Away from the pitch, academics Hirotaka Takeuchi and Ikujiro Nonaka developed scrum for software developers to meet the needs of consumers. The system challenges the traditional waterfall model—where software is developed, tested, and maintained sequentially—and replaces it with a flexible framework, allowing developers and testers to work on small pieces of software at the same time. The result, Takeuchi and Nonaka argue, is a system that is “especially good at bringing about innovation continuously, incrementally, and spirally.”
Since being coined in 1986, scrum has seen many iterations, but its main premise hinges on three roles: product owner, development team, and scrum master.
The product owner represents stakeholders and is the voice of the customer. This person processes and prioritizes requests, such as bug fixes, features, or upgrades, and adds them to a backlog of projects.
The development team is responsible for delivering a shippable product at the end of each sprint—the period of time given for the team to complete a goal. The sprint starts with a planning meeting, where the team identifies tasks that need to be completed from the project backlog. Assigning a numeric value for difficulty to each task, the team only takes on what can be completed during the sprint based on capacity data from previous cycles.
Overseeing the process is the scrum master. Under his or her direction, a daily stand-up meeting is held to check on progress. If any hurdles are identified, the scrum master works to remove them so the team can meet its commitments.
Two meetings wrap up the sprint. At a review, the development team presents a demo of the completed work to stakeholders. During a retrospective, team members discuss what they learned and how processes can be improved for the future.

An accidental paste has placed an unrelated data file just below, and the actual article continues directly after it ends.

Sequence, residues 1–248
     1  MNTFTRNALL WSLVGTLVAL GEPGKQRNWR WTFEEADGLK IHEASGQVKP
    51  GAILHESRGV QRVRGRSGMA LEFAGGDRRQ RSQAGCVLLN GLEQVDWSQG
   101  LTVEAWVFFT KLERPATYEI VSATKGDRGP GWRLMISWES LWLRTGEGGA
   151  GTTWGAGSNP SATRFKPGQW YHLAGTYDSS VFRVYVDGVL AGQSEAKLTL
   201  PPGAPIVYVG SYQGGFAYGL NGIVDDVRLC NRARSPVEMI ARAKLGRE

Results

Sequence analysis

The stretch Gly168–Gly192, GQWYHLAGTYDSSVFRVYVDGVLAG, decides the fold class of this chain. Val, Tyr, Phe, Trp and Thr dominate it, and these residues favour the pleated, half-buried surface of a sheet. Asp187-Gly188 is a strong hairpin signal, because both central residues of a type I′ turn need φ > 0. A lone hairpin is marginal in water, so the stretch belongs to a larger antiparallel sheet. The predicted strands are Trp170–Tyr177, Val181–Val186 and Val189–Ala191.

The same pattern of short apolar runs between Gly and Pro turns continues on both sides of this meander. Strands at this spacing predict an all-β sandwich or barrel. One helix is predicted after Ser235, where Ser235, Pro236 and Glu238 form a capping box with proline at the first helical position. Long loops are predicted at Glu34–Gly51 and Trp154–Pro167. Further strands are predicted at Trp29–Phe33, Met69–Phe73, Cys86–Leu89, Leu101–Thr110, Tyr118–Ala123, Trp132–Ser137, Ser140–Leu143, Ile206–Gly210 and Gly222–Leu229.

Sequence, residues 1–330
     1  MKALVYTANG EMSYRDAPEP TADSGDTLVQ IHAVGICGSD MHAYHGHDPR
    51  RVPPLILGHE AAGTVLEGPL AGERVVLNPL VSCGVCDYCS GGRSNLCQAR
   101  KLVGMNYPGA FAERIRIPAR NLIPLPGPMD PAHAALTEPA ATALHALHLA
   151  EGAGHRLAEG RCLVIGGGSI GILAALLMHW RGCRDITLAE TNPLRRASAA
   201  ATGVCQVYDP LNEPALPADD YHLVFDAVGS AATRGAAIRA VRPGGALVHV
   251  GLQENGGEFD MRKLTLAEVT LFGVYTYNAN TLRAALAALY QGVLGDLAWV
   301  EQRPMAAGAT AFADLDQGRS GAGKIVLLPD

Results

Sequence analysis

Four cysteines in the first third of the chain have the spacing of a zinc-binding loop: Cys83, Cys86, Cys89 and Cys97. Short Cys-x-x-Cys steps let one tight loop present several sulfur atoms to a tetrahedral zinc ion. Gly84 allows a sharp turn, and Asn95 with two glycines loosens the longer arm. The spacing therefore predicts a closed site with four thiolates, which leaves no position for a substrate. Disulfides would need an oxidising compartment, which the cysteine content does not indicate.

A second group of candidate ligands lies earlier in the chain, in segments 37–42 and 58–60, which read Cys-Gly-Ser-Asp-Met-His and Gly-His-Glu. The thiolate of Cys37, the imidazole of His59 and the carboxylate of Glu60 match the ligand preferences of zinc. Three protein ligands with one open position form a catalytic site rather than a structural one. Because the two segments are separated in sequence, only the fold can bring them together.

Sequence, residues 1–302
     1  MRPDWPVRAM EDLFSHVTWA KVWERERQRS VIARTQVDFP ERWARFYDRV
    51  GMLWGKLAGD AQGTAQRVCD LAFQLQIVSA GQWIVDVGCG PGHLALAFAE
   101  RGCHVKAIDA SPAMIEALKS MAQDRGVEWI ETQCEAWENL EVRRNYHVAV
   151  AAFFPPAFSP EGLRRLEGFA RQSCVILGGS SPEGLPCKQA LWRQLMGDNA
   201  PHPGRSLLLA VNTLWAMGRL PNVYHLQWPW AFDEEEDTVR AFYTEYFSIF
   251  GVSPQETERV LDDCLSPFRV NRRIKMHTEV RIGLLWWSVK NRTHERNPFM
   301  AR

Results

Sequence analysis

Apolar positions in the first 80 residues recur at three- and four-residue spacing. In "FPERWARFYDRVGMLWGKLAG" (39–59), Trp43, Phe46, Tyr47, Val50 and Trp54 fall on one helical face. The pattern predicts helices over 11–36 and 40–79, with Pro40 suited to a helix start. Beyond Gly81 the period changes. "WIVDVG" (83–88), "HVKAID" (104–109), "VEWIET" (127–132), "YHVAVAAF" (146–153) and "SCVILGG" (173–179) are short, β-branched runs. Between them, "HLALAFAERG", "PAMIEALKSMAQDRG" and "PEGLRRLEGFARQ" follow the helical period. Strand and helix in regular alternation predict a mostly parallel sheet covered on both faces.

To the uninitiated, scrum can seem focused on minutiae, but coupling a time-sensitive goal with daily communication is what leads to continuous innovation and prevents the inevitable delays caused by siloed efforts. “Everybody knows that if you’re not sure you’re going down the right path, running down that path as fast as you can is probably not a good idea,” says Kenneth Rubin, author of Essential Scrum: A Practical Guide to the Most Popular Agile Process. “Scrum creates a coherent framework that allows people to see the whole situation and organize work.”
Rubin often gives training to companies and organizations on creating teams that will innovate successfully. Some of his past clients include Yahoo, CNN, and five thousand Orthodox rabbis who needed help improving their outreach efforts.
Regardless of what your organization produces—whether it’s the news or converts—implementing scrum starts with assembling the right team. “You need people who can adapt to change quickly and will fit in with the culture you are trying to create,” says Cydni Tetro, tech entrepreneur and CEO of 3DPlusMe. “Making a wrong hiring decision on your initial team is a really hard problem to recover from quickly because you don’t know what the damage will be for a while.”
Tetro, who earned her MBA from the Marriott School in 1998, suggests using your network to find people who are proven problem solvers and have deep skills in the fields you need. Knowing people have the right experience will help you know they can be relied on for your project.